Some officers deployed to London at the moment are there for several weeks and I know that many of those officers have got young families at home and they are married to full-time serving police officers who are also facing alterations and challenges to their duties. Quite frankly, if it were not for my son’s grandparents and his aunt and uncle; as well as the parents of some of his friends who know the bind we’re in over the summer without an ability to take leave – I haven’t got the faintest idea how my wife and I would make it to September without committing child neglect OR neglect of duty. Because of our support structure, we’re planning furiously week by week, but we know we’ll be OK. I can see very easily how everything I’ve written about above, can compound for some into more serious problems, leading to mental health problems.
The question is then: what support is there for officers facing such difficulties. I have written before about police support to those who deal with critical incidents or suffer life altering injuries in the course of their duty – for example, PC David RATHBAND. There is mixed feedback from officers about the support they received whilst suffering from Post Traumatic Stress Disorder but this can include police rehabilitation centres like Flint House, in Goring-on-Thames. There are others.
I know, even outside of these extraordinary times, of officers who were ‘sectioned’ under the Mental Health Act, because of clinical conditions that necessitated assessment or treatment in hospital. We know the police officers have higher than average suicide rates and higher than average PTSD diagnosis rates. The support for stress, depression or anxiety disorders that have built up, accumulating over time is more difficult to define: obviously NHS systems exist for everyone and GPs manage about 83% of all the people who suffer from mental health problems. Many GPs are excellent and officers would do well to remember that their GP can provide support, advice and signposting to appropriate services for these kinds of conditions – all confidential to the officer. Also, most forces occupational health departments have the ability to support or signpost officers and these can be considered also.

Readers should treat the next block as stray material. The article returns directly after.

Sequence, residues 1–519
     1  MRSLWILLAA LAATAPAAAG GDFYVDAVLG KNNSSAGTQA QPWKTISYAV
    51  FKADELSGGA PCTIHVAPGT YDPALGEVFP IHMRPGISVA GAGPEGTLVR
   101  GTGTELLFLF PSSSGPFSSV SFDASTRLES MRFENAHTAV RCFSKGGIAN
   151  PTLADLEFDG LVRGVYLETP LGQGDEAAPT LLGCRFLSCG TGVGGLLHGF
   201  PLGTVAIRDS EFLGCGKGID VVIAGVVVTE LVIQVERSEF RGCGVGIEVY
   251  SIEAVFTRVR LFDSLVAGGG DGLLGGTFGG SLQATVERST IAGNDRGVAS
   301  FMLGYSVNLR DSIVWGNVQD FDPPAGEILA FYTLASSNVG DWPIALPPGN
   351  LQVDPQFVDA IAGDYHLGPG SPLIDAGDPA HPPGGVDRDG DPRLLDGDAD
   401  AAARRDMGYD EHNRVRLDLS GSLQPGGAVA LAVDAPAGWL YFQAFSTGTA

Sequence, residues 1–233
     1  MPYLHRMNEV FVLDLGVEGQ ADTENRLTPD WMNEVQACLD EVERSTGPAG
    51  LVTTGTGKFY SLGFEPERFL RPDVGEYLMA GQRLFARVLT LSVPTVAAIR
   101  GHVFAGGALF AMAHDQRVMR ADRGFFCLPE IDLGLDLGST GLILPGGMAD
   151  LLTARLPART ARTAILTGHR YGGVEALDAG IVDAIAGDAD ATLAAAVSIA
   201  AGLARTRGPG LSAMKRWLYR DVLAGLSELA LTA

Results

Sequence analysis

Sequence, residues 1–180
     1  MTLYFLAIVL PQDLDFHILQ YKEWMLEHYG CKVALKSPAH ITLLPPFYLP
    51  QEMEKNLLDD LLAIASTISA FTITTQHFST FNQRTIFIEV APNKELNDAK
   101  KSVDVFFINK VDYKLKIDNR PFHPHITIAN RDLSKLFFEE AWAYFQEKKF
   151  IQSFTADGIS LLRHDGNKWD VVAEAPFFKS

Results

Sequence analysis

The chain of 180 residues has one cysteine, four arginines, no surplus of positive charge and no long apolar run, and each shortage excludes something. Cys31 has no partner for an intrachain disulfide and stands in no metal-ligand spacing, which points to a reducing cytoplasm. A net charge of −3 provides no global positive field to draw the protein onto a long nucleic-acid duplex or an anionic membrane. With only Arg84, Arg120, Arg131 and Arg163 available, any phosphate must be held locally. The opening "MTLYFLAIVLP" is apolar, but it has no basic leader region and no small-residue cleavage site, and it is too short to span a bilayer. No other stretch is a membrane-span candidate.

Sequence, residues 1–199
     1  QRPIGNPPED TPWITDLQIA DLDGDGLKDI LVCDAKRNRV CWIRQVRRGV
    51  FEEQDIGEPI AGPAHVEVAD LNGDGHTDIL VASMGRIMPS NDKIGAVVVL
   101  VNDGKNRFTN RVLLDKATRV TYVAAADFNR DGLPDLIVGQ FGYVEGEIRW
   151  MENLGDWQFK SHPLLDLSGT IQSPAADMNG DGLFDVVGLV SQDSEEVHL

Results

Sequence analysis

Forces but also individual line managers in policing, must ensure they are aware of their officers’ mental health this summer. I know we’ve got an Olympics to police; and that we are where we are with pay and conditions and with police reform etc., but actually a conversation or phone call from a boss can go a long way to mitigating impacts upon some. My boss’s first response was not about me having to work three very long days at short notice on a force job – it was one about my welfare and not the Monday morning meeting for my day job that my very capable sergeants can cover. Not feeling like a number matters to most cops, so actually we need to make sure we’re all supporting each other in these extraordinary times.
Along with thousands of others, I’ll be deployed away from home this summer – the first time in my life I’ve spent this amount of time away from my son. Although he loves having a cop for a Dad, he’s not too chuffed about it. So please spare a thought for the officers and armed forces doing this and more as they rise to the challenge of facilitating this major international event – and if you are a police officer, look out for your mates as some of them are working under pressures we can’t see.
The Mental Health Cop blog
– won the ConnectedCOPS ‘Top Cop’ Award for leveraging social media in policing.
– won the Digital Media Award from the UK’s leading mental health charity, Mind
– won a World of Mentalists #TWIMAward for the best in mental health blogs
– was highlighted by the Independent Commission on Policing & Mental Health
– was referenced in the UK Parliamentary debate on Policing & Mental Health
– was commended by the Home Affairs Select Committee of the UK Parliament.